Day 11: St. Paul’s Cathedral Library


Monday, July 6, 2015

First up this morning was St. Paul’s Cathedral Library with the wonderfully knowledgeable and witty Mr. Joseph Wisdom. Do you remember this building from a previous post?

St. Paul's Cathedral (via K. Emmons)
St. Paul’s Cathedral (via K. Emmons)

Now, let’s take a look at the inside… a professional picture…

Photo by DAVID ILIFF. License: CC-BY-SA 3.0
Photo by DAVID ILIFF. License: CC-BY-SA 3.0

Now pause for a moment and imagine what the library for this sort of building might look like…

Yeah. Now take a look at this:

18th Century. Breathe it in. (via St Paul's website)
18th Century. Breathe it in. (via St Paul’s website)

It’s even better in real life.

Unfortunately, a researcher was using the library when our tour was supposed to begin which delayed the group from entering. Completely understandable (libraries are designed to be used!), though it did shorten our visit since service began at 12:30. BBC was also setting up cameras to broadcast the Tuesday evening service in remembrance of those killed in the 2005 London bombings.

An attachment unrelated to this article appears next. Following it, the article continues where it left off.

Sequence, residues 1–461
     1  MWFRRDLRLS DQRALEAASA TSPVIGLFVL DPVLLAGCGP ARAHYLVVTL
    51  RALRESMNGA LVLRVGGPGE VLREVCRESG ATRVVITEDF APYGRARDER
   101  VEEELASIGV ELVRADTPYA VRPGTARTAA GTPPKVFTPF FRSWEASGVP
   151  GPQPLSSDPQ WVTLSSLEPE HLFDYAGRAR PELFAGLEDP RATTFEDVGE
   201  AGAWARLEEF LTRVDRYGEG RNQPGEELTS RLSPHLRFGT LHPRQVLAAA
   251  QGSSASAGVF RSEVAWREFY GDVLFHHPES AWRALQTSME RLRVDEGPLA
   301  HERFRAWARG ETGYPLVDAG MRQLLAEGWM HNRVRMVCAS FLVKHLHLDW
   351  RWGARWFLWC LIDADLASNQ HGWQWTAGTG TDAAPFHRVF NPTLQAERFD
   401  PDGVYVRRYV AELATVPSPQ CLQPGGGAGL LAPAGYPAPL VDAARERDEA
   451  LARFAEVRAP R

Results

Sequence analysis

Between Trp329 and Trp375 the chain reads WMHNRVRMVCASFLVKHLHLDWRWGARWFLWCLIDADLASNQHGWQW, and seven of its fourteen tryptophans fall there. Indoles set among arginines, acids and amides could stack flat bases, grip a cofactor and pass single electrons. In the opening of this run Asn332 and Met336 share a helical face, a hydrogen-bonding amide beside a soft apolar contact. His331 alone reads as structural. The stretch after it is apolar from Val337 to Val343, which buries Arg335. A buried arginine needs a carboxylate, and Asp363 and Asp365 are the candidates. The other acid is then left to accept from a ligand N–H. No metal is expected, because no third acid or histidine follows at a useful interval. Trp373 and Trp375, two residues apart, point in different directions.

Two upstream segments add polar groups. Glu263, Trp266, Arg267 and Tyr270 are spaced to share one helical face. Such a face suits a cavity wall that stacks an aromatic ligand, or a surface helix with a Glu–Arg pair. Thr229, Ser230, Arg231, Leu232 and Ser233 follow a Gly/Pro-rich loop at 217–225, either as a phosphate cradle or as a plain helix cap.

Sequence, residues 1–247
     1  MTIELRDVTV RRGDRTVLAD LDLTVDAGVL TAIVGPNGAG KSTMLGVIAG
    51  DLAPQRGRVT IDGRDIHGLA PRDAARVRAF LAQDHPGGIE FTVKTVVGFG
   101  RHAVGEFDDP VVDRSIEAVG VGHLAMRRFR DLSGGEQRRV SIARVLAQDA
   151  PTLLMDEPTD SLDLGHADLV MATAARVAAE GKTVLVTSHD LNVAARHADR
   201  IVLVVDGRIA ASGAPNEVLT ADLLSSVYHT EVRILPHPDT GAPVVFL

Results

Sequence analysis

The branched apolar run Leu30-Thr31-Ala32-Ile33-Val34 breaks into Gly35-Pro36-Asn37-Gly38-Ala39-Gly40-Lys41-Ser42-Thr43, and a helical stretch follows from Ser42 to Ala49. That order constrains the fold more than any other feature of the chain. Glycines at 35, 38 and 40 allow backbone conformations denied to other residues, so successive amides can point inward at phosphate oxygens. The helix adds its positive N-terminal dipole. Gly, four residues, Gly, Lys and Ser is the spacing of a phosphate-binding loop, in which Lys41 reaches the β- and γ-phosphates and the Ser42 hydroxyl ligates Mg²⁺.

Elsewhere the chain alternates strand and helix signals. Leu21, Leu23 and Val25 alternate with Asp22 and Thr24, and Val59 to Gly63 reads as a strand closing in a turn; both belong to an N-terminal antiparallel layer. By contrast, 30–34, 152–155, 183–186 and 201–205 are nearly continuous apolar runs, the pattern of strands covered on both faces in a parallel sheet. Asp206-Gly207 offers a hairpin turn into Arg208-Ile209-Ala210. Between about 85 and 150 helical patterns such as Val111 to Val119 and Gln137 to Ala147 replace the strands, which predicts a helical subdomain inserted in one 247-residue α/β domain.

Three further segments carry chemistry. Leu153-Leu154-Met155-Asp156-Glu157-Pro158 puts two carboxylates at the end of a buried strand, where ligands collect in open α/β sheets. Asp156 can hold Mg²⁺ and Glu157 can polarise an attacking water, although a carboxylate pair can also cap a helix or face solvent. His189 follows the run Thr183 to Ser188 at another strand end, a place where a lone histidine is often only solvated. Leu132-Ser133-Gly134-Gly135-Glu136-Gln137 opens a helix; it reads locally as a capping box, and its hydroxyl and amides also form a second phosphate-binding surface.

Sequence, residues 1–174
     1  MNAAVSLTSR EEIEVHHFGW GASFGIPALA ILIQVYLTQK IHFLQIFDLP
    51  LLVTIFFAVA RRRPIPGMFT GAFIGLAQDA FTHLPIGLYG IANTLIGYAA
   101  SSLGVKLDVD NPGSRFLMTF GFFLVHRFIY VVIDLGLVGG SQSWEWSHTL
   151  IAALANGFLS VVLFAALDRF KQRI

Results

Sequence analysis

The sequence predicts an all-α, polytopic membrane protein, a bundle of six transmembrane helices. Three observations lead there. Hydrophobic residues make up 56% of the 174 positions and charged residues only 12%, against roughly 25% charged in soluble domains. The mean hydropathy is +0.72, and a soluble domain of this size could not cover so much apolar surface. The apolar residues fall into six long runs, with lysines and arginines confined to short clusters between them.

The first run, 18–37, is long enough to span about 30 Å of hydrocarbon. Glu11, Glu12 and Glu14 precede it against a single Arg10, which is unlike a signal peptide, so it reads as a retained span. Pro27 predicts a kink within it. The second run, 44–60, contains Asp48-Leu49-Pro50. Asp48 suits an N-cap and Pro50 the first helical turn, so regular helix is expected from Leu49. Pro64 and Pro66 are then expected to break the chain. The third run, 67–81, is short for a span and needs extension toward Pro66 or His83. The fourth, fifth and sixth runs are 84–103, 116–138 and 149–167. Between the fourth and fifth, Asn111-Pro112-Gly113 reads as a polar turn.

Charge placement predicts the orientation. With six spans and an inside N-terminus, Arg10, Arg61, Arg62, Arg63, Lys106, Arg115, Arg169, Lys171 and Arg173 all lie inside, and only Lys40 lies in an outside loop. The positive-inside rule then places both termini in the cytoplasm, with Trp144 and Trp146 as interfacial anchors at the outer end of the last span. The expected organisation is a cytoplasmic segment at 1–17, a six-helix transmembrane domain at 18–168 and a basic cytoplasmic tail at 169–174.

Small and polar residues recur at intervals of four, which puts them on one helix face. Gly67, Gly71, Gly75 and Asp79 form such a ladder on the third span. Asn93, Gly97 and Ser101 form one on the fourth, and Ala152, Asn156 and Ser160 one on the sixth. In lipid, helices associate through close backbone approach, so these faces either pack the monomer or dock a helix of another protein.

Our group just got a glimpse of the library, but it was enough for me to fall deeply in love with the room and its contents. Joe Wisdom was also a treasure. He spoke quickly and knowledgeably about any and all subjects. Just to sit and listen to him talk longer would be a dream come true. If he does any talks with library associations I will make it a point to attend – he’s that good, and I only met him for 20 minutes.

He’s the type of librarian that I want to be: quirky and interesting, yet knowledgeable and personable.

The building, when its architecture was first conceived, was alien to English eyes. This was because the dome at the top was very Italian. The original building, before 1561, had a spire. The construction of that building began in 1087 and was consecrated in 1240 (Wikipedia). We saw a replica of it in the Museum of London. The new St. Paul’s with it’s dome was constructed after the Great Fire of London. Consequentially, the current library space was not originally created as a library space.

The Cathedral is located on the highest hill in London and right next to the River Thames. The library is at the top of a very tall, spiraling staircase. Joe talked about the appropriate conservation for the collection – and reminded us that there is no single correct answer for libraries. Each library is unique and each collection needs to be considered individually if librarians want to care for them correctly. That’s hard to think about in a day where time is money and things needed to be done yesterday. Getting to know a collection is time consuming, but worth it in order to be a “good” librarian.


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